The federal government extended the homebuyer tax credit, again providing first time homebuyers with up to $8,000 in subsidy on the purchase of a principal residence. New to the tax credit: a provision for repeat homebuyers, who are eligible for up to $6,500. This sequel to the homebuyer tax credit will expire on April 30, 2010. The original tax credit was set to expire on November 30.
The maximum credit allowed for first time homebuyers remains $8,000. A first time homebuyer is someone who has not owned a home in the three years prior to the close of escrow on the purchase. However, the new credit also makes allowances for “long-time residents,” or those who have owned a principal residence for no less than five of the eight years prior to the close of escrow on the purchase of a new primary residence.
Also, the new version of the credit increases the eligible income limits for buyers. The new credit is available in full to those filing single with a modified adjustable gross income (MAGI) of no more than $125,000 (formerly no more than $75,000), or $225,000 for joint filers (formerly no more than $150,000). Single filers with a MAGI between $125,000 and $145,000 or joint filers with a MAGI between $225,000 and $245,000 are eligible for a reduced credit.
There are additional restrictions taking effect with the new law. Home purchase transactions are not eligible for the credit if:
• the purchase price of the home exceeds $800,000;
• the purchaser is younger than 18; or
• the purchaser can be claimed as a dependent.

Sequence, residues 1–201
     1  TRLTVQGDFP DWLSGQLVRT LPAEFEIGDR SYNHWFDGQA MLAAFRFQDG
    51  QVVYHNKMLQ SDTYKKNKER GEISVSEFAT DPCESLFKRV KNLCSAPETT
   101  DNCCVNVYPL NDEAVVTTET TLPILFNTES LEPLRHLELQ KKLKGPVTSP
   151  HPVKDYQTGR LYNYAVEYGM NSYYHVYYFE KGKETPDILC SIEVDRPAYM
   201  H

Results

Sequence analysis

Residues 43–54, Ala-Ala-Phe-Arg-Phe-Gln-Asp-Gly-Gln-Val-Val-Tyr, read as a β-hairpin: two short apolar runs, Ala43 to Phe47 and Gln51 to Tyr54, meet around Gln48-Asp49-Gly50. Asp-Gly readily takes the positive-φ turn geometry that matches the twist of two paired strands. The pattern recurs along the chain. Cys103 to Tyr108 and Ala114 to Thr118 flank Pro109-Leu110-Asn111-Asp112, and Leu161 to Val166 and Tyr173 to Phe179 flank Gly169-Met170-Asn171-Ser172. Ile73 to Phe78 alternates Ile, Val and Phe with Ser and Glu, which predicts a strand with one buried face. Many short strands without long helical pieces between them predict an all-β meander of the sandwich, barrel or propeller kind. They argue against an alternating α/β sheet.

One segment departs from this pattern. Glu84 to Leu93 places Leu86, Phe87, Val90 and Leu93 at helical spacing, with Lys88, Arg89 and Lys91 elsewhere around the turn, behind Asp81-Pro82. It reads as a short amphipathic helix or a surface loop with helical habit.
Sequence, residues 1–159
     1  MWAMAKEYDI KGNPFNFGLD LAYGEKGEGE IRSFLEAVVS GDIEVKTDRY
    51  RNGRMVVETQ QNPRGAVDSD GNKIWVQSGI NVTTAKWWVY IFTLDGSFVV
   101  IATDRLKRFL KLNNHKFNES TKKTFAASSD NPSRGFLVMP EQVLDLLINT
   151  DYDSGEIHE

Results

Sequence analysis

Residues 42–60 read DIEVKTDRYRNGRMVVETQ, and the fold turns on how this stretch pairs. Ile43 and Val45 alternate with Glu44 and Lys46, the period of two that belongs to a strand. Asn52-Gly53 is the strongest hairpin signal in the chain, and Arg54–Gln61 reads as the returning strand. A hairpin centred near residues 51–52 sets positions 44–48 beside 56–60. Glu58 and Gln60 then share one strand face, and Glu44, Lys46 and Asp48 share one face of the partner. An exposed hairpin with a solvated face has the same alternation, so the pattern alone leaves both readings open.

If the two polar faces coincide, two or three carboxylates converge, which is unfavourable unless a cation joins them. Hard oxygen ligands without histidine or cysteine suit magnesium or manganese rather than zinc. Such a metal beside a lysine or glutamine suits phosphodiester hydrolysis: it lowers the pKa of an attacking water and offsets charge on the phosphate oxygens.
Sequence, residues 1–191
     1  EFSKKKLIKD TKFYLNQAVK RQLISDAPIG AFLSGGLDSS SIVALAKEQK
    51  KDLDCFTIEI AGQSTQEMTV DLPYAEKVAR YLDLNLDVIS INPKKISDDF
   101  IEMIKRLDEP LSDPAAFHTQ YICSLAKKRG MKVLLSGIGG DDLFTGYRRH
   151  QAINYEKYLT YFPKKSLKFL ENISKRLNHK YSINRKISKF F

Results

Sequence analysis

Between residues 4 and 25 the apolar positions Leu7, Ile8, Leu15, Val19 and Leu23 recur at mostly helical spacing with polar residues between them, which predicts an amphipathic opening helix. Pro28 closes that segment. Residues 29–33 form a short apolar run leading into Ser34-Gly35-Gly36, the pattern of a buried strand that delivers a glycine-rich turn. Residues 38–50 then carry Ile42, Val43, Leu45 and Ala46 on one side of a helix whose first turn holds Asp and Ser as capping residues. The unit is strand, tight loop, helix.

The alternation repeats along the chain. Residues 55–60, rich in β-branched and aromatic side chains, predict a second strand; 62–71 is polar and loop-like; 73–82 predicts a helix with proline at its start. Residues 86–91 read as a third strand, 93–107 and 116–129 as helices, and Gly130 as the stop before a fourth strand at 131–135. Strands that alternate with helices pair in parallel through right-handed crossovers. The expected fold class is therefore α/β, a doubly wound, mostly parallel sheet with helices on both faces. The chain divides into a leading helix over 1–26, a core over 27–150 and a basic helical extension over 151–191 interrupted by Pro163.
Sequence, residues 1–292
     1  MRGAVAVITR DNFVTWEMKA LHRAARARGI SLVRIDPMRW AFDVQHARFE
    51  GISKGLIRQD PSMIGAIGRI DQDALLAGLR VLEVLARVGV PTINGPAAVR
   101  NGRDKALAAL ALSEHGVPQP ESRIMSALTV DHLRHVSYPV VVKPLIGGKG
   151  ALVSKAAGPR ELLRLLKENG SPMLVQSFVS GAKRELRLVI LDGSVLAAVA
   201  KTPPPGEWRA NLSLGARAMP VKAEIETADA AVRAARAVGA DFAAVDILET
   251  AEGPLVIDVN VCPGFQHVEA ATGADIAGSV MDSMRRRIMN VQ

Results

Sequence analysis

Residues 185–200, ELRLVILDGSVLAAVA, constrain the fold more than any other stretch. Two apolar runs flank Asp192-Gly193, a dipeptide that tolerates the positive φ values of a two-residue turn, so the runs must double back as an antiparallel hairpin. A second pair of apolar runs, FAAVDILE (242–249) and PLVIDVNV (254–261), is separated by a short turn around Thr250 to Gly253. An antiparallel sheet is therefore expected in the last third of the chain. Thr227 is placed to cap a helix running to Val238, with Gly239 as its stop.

Members of the Armed Forces and certain federal employees serving outside the U.S. are given one extra year to use the credit. Eligible taxpayers have until April 30, 2011 to sign the purchase agreement on a qualifying purchase.
ft take: When all is said and done, the homebuyer tax credit program will cost the federal government over $11 billion in lost tax revenues, which, all considered, is not much. The downside for the future: those buying under these programs would purchase regardless of the tax credit. The tax incentive, just like the “Cash for Clunkers” auto program, will trigger an earlier purchase to help builders reduce inventories and lenders to clear out the REOs. Implicitly, builders and lenders are the ultimate recipients of the subsidies.
As we have said again and again from nearly every roof top: jobs drive real estate. The $11 billion expenditure would be better spent on the creation of jobs, not bailing out builders and lenders. Job creation allows for an individual’s financial situation to stabilize and foments an organic, sustainable increase in spending on real estate and affiliated services. [For more information on the relationship between jobs and real estate, see the October 2009 first tuesday article, Jobs move real estate; also see the November 2009 first tuesday article, Homeownership and the economy, a dangerous two-way street; also see the December 2009 first tuesday Legislative Watch on H.R. 3548]
Re: “First-Time Homebuyer Credit,” from The IRS